An embryo is a person and has the right to live? Discuss
“An embryo is a person and has the right to life”
A Roman Catholic would agree with this statement. Firstly, they are followers of Natural law and divine command ethics. As such, they relate to the teachings in the bible that relate to the sanctity of life, and therefore they believe an embryo is a person from the moment of conception. Roman Catholic law teaches that a foetus is a human being. Secondly, Natural law is based upon God’s purpose for his creation, and Natural Law places the protection of life and species above all others. Finally, they believe that life is holy and belongs to God, and thus only god can take it away, and life and personhood begins at conception. All persons have a natural right to life, and the mother and foetus have equal rights. "human life must be respected and protected absolutely from the moment of conception. From the first moment of his existence, a human being must be recognized as having the rights of a person - among which is the inviolable right of every innocent being to life." Also, the 6th commandment states that “thou shalt not commit murder” and as the foetus is a person and has the right to life, killing it would be murder. However, there is one exception, which is called the law of double effect. This rule states that if lifesaving treatment is given to a pregnant woman, (e.g. when conception happens in the fallopian tube instead of womb) and this results in the unintentional and unavoidable loss of a foetus, then in this case it is allowed.
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Someone who follows Preference Utilitarianism (Peter Singer) would disagree with this statement. Firstly, he would argue that abortion is permissible at any stage of the pregnancy, because unborn children lack the characteristics needed for personhood. He would argue that, as we have these, and we have preferences, we have a right to kill embryos as they don’t. He would argue that the sufficient condition for personhood is the ability to have and make preference, and anyone that can, including animals- should have rights. Secondly, he would argue that even some newborns do not have rights, and therefore they don’t have the right to live, as they lack rationality, autonomy and self-consciousness. Finally, he would say that the right to life is tied to three things, the ability to make preferences, and to feel pleasure and pain. This is consistent with his general ethical theory. Singer argues that it is impossible to find precisely when human life begins, as human development is a gradual process, not something that happens in one instance. “The argument that a fetus is not alive is a resort to a convenient fiction that turns an evidently living being into one that legally is not alive. Instead of accepting such fictions, we should recognise that the fact that a being is human, and alive, does not in itself tell us whether it is wrong to take that being's life”. Singer states that the argument should compare the preference of a woman vs the preference of the foetus (if the foetus was able to have preferences, which Singer doesn’t believe, this is just how he attacks the anti-abortion argument back). In Singers view, preference is all forms of benefit or harm one may wish to obtain or avoid. He then argues that, since the ability to experience pain or pleasure is a pre-requisite to having any sort of preferences, a foetus can definitely not have any preferences up until 18 weeks, as the foetus cannot feel pleasure or pain before this, meaning that it is not human. In his calculation, the preference of the woman has nothing to weigh up against, as the foetus has no preference, and therefore abortion is morally permissible.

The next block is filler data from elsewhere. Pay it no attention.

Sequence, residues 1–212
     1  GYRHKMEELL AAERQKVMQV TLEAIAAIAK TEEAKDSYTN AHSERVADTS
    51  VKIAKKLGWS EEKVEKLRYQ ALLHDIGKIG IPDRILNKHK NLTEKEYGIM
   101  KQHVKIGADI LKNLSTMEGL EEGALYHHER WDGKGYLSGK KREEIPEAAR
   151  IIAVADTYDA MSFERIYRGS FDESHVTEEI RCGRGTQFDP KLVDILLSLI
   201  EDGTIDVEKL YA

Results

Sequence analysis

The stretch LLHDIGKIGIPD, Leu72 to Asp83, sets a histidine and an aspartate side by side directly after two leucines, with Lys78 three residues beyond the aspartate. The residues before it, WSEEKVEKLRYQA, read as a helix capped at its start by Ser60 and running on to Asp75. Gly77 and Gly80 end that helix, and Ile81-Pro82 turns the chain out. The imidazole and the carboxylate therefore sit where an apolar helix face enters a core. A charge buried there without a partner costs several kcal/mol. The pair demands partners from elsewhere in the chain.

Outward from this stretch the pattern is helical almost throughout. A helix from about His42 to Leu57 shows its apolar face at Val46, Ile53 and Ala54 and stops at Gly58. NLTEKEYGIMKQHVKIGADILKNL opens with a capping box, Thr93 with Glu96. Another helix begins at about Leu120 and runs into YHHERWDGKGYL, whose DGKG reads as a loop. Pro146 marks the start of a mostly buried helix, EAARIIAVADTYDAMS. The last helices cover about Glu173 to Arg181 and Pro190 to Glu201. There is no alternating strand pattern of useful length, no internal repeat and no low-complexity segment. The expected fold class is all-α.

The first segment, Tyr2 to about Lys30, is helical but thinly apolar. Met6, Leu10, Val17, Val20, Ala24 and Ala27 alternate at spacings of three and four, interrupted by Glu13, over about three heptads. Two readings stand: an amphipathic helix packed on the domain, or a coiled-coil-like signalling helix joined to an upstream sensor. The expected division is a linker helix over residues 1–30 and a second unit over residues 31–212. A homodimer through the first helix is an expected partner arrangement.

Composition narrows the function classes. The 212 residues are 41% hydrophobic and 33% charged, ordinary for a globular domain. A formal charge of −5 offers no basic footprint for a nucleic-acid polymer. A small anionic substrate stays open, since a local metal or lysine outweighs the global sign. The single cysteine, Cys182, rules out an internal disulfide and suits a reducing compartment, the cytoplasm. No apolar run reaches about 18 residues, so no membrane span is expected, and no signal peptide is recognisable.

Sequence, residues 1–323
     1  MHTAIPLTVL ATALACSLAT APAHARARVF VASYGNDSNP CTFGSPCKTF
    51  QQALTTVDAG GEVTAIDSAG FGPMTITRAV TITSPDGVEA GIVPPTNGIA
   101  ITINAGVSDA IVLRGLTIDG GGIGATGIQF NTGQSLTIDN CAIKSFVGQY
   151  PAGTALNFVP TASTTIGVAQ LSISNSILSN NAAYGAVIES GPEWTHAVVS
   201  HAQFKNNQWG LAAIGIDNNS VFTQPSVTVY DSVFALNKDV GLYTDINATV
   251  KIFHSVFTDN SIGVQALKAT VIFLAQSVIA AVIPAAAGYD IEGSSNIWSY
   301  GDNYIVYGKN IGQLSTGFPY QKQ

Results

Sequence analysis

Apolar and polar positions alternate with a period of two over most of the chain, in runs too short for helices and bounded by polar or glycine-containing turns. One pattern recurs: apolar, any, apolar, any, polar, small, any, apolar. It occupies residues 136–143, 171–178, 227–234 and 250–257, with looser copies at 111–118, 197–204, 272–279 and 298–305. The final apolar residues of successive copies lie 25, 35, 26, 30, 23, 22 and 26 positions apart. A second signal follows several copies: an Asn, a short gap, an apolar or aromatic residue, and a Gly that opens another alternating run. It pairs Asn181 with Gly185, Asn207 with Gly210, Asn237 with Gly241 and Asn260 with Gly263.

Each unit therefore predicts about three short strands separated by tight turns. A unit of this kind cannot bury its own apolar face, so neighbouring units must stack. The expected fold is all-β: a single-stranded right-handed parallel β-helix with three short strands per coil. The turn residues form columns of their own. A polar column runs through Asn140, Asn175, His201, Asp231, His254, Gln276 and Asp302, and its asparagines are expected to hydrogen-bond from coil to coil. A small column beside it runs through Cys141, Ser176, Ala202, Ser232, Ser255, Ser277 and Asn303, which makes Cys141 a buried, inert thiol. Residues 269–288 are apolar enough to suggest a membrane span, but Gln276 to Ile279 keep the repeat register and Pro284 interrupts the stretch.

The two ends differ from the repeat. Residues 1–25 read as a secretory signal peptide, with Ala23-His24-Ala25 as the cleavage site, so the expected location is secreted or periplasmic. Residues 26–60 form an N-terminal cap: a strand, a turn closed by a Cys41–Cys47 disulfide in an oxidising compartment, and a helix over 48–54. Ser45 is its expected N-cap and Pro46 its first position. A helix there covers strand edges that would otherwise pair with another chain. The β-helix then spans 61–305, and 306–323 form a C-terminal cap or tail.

Both arguments however, have weaknesses. The main argument that the Catholic Church have is the belief that “life and personhood begins at conception”. Therefore, they believe that unique DNA alone is a sufficient condition for personhood. However, while DNA is necessary for personhood, it is not the sufficient condition for personhood. I believe that the necessary condition for personhood is at 24 weeks, as at this point, the foetus can experience pain and pleasure, and this is the sufficient condition because it means that the foetus will start to develop experiences associated with pain and pleasure. Singers argument is flawed, because, firstly, his account of the happenings of the foetus are pure speculation- he is hardly an expert of foetal life, and therefore cannot give a fully accurate account of what the foetus experiences, indeed, technology hasn’t advanced far enough for anyone to fully understand this. In many instances he relies on possibility without pure factual support. His theory is linked to consequentialism, as the “greatest good for the greatest number” is a way of justifying means by saying that the consequence was favourable.
Due to the weakness of these arguments, my moral ground for this statement is liberal, similar to the Anglican Church- I neither agree nor disagree, but I believe that it is based and should be argued on a general case by case basis. I argue that the sufficient condition for personhood and the right to life is at 24 weeks, when the foetus can experience pain and pleasure. Therefore I disagree with the Catholics who believe that life starts at 0 weeks, or Singer who states that it can be up to one year after birth. I believe that the mother has more rights than the foetus, and therefore if the mother has a valid reason for abortion, she should be able to abort whenever she likes, even after the 24th week if she so wishes, as her needs are greater than the foetus. To conclude, I believe that there is no absolute law or ruling on this statement, as it comes down to the needs of the mother, her own personal beliefs, personal life, and what she wishes, as the needs of the mother outweigh that of the foetus.